Only China, Vietnam and South Korea had no serious problems with any of the three indicators that health experts used as harbingers of poor nutrition: stunted toddlers, anemic young women and obese adults. The United States, Germany and 12 other countries have significant obesity.
Malnutrition has many causes beyond insufficient food, said the report by experts who were convened by the International Food Policy Research Institute in Washington. The causes include diarrhea spread by dirty hands and open defecation; a failure to breast-feed; and foods deficient in iron, vitamin A, folic acid and other micronutrients.
For every $1 spent to prevent babies from growing up physically and mentally stunted, a nation eventually saves $16, the report found.
In the United States, extra health care for one obese household member costs a family 8 percent of its income on average. In China, someone with diabetes typically has 16 percent less money at year’s end than someone without the disease.
The report is the third since health ministers at the 2012 World Health Assembly agreed on aggressive nutrition improvement targets for 2025, including specific reductions in obesity, Type 2 diabetes, stunting, low birth weight, women’s anemia and salt intake, and a 50 percent increase in exclusive breast-feeding for the first six months of life.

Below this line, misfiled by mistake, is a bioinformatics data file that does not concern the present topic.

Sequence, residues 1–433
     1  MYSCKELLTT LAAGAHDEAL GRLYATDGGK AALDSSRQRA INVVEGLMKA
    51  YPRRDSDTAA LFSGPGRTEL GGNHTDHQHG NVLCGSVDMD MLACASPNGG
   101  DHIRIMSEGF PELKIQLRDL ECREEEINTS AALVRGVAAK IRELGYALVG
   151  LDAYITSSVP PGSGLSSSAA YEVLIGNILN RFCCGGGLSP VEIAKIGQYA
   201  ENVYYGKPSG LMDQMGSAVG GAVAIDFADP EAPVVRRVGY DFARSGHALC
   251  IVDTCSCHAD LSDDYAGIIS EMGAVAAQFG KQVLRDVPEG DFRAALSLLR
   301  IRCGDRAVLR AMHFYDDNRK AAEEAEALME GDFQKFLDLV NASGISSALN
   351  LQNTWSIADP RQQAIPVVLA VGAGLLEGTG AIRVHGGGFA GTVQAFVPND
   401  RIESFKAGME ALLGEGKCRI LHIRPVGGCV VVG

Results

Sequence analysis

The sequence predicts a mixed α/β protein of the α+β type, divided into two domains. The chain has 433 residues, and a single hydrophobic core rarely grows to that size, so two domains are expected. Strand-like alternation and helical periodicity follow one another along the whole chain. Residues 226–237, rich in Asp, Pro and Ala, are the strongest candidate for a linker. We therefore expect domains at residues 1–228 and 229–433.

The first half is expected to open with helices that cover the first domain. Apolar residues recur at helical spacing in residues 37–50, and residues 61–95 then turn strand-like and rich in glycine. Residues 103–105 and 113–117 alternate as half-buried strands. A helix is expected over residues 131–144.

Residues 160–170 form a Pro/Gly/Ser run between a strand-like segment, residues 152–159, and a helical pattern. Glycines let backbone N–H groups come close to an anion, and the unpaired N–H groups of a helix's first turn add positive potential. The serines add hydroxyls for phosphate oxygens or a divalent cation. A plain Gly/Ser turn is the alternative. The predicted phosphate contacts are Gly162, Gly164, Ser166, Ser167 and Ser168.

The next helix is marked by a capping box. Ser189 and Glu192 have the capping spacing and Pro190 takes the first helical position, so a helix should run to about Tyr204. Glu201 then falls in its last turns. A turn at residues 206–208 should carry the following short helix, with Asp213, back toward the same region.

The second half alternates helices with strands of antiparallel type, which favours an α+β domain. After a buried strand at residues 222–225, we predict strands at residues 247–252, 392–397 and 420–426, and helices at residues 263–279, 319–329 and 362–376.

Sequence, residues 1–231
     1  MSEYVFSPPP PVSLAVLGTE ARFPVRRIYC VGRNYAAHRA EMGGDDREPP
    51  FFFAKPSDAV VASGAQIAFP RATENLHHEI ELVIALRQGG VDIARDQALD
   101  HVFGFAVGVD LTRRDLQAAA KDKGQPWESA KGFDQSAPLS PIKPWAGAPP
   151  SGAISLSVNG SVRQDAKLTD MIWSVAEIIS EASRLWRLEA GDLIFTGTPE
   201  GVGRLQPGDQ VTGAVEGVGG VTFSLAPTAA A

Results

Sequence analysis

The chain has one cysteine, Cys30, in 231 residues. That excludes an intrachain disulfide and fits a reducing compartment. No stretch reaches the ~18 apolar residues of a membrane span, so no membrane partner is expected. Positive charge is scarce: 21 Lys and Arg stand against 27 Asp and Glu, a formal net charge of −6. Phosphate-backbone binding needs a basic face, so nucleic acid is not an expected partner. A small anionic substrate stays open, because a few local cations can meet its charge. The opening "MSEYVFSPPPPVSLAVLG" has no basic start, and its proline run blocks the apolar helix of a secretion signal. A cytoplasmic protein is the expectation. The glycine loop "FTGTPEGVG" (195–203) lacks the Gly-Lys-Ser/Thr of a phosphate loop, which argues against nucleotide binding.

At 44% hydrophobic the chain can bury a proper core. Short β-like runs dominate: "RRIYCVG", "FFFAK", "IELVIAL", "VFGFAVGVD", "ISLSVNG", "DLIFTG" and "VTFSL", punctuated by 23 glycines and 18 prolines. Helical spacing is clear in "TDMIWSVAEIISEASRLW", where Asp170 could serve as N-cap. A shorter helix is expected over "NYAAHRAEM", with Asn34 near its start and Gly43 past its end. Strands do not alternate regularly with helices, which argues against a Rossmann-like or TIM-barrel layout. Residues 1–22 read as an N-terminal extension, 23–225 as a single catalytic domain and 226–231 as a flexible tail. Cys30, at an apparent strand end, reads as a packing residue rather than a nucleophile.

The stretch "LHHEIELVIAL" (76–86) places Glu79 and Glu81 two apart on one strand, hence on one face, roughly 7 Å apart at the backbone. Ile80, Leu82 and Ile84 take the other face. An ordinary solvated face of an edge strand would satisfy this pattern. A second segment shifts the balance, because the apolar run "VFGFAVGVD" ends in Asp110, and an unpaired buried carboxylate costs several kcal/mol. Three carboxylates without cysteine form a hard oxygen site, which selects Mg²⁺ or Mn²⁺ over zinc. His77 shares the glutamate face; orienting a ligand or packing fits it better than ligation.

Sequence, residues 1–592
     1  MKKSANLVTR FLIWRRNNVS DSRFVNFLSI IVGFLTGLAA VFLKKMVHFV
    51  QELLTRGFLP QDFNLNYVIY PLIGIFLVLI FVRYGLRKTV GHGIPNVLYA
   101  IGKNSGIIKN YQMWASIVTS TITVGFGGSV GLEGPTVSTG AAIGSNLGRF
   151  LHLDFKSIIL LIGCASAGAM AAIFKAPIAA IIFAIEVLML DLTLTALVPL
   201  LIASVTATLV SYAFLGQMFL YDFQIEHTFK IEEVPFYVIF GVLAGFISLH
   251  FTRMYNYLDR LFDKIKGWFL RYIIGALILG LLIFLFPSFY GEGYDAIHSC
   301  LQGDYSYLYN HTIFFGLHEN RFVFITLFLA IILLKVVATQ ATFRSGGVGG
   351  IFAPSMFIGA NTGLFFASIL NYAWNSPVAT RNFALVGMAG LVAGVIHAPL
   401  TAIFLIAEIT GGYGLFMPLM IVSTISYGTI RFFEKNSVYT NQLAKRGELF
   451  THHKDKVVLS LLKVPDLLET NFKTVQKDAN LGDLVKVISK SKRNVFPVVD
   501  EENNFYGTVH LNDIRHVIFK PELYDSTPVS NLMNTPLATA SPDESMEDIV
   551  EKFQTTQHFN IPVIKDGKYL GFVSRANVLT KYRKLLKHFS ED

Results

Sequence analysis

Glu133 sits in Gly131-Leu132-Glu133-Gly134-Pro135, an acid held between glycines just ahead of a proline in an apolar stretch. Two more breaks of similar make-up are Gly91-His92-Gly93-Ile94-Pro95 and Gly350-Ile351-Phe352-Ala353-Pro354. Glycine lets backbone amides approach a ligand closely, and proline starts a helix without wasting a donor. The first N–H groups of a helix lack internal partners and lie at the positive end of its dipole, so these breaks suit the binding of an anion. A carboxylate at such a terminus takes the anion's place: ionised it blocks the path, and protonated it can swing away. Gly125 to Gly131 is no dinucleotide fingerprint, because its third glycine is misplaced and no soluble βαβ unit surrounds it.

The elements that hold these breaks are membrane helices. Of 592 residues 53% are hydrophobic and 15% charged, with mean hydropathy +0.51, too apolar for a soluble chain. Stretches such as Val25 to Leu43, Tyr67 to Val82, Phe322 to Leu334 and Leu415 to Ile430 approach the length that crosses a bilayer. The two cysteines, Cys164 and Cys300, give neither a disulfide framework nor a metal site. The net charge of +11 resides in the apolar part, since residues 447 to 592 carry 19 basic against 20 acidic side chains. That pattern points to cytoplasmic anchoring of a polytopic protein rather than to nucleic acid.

Donor countries give about $1 billion a year to fighting malnutrition, but the amount has not increased in recent years.
The report praised seven countries for making the most progress: Nepal for fewer stunted children, Suriname for fewer underweight children, Jamaica for fewer obese children, Peru for less female anemia and more breast-feeding, Nauru for fewer adults with a body mass index over 25, North Korea for fewer adults with a B.M.I. over 30, and Israel for less adult diabetes.